Quad regulars told to cease and desist
On Monday morning, Santa Monica College's main campus is quiet. At 9:59 a.m. the only audible sounds are the murmurs of those who haven't had enough coffee to deal with the day yet. At 10:01 a.m. the quad is still quiet, eerily quiet, as if something is missing.
The quiet is due to the absence of Manuel Anderson Henriquez's music sharing program, which was discontinued after the Santa Monica College Police Department delivered a cease and desist order this past Thursday.
During the student activity hour, officers approached Henriquez, and Milton "Sarge" Hall, creator of the event "Word Warz" both of which are unsanctioned by SMC, and presented both students with a copy of the SMC Civil Disturbance and Demonstrations policy along with the order.
The two were approached after a report was filed with Vice President of Student Affairs Mike Tuitasi that a violation of the policy was committed.
According to SMC Administrative Regulation 4430, any event with amplified sound requires a permit from both the Dean of Students and the Events Office.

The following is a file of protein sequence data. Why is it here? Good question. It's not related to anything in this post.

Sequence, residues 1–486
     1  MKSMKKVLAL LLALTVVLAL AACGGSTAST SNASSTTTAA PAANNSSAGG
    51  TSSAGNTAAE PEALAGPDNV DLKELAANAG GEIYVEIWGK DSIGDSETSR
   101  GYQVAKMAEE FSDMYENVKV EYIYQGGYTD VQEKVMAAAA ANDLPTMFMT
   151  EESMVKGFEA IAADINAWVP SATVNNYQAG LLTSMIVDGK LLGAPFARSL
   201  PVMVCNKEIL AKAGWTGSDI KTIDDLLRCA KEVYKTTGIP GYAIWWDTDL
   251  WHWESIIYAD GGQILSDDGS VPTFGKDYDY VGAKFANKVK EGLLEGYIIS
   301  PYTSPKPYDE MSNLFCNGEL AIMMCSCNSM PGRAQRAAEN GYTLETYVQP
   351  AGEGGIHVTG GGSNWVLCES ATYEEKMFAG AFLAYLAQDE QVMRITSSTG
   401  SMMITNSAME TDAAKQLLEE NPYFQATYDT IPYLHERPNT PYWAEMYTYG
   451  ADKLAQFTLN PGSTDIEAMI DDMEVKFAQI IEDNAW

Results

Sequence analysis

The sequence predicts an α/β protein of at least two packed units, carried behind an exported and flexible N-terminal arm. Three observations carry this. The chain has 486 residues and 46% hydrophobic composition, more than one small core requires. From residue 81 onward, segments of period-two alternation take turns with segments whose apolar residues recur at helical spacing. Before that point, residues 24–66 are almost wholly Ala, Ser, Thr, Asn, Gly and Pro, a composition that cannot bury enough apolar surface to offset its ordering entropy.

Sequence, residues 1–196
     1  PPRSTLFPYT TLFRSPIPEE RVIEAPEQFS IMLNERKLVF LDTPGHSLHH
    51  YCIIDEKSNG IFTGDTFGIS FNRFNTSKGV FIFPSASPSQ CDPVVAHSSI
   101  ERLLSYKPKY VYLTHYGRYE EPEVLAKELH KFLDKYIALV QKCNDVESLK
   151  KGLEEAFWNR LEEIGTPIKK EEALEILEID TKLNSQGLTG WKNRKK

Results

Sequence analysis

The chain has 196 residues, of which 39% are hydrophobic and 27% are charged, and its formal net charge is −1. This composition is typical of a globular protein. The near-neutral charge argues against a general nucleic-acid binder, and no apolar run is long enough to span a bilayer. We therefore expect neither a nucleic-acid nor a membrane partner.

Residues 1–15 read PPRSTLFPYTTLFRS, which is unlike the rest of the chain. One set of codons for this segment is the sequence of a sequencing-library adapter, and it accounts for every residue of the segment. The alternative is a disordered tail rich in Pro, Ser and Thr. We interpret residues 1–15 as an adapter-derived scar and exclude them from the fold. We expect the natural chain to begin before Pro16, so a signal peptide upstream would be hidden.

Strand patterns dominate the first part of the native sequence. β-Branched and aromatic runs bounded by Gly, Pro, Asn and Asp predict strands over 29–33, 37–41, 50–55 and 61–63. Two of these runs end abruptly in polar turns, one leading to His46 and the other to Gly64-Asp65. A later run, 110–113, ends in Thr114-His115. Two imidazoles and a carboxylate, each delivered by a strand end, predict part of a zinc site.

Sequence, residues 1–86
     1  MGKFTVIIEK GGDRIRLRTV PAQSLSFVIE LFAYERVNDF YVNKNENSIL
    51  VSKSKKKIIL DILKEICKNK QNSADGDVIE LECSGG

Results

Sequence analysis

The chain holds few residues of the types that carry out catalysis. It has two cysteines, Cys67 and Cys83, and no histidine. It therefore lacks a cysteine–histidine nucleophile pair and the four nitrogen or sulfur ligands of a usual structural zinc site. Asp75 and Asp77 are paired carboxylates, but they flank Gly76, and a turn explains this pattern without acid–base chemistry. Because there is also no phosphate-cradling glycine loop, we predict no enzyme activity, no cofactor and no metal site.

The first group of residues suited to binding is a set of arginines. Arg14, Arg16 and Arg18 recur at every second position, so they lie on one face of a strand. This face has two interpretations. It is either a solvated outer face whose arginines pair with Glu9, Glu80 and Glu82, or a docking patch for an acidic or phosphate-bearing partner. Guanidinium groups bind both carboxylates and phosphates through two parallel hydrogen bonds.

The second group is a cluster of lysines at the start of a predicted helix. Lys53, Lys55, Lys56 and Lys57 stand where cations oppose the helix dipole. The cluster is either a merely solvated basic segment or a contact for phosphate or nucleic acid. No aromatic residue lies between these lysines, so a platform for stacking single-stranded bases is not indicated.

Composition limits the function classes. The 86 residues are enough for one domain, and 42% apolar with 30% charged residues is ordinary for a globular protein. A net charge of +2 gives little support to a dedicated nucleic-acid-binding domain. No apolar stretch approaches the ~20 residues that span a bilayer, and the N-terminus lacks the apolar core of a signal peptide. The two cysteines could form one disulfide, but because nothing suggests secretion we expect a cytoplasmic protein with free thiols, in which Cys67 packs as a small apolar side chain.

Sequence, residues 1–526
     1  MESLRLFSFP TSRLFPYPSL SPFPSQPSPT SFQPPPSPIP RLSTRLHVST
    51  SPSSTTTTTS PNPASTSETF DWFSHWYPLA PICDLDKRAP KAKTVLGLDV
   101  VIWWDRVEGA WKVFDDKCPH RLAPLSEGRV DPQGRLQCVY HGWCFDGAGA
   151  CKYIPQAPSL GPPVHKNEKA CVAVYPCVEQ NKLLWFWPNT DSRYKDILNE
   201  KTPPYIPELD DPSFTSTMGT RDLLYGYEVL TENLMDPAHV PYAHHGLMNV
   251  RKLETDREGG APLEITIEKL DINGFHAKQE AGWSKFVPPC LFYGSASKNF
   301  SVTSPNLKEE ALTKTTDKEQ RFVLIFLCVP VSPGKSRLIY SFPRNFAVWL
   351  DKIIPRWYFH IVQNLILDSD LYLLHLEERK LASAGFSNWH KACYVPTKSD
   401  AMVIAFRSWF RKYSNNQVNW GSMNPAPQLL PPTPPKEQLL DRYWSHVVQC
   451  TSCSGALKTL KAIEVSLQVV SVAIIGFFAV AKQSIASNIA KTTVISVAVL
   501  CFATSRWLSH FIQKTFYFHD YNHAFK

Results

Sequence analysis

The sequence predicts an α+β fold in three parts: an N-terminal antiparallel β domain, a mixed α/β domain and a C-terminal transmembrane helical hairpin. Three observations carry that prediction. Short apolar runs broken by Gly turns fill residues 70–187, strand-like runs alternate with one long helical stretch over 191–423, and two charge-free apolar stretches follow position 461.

Associated Student Director of Publicity Michael Greenberg said that the reason for the regulation on amplified sound is to keep classes from being disrupted. Both Greenberg and AS President Ty Moura do not feel that Henriquez's boombox meets the requirement for amplified sound.
"The key is disrupting classes and Manuel does not disrupt classes," Greenberg said.
SMC Police Sgt. Mark Kessler confirmed that there have been multiple complaints against Henriquez, however he could not confirm the nature of the complaints.
Both Henriquez and Hall have attempted to procure the necessary permits, however neither has been successful yet.
"We are not out here to cause trouble. I understand that [the administration] is focused on academics but student life is important as well," Hall said.
Hall has conducted his "Word Warz" events every Thursday during the fall semester, and Henriquez for the four years he has attended SMC, both without a permit.
Before bringing his music sharing program to SMC, Henriquez ran it at Los Angeles City College for three years, and was visibly upset when asked about the future of his program.
"I don't want it to end like this," Henriquez said wiping a tear from his eye. "I will stop music sharing when I transfer or when I turn 30. I have always had music in my heart and this is my opportunity to share it."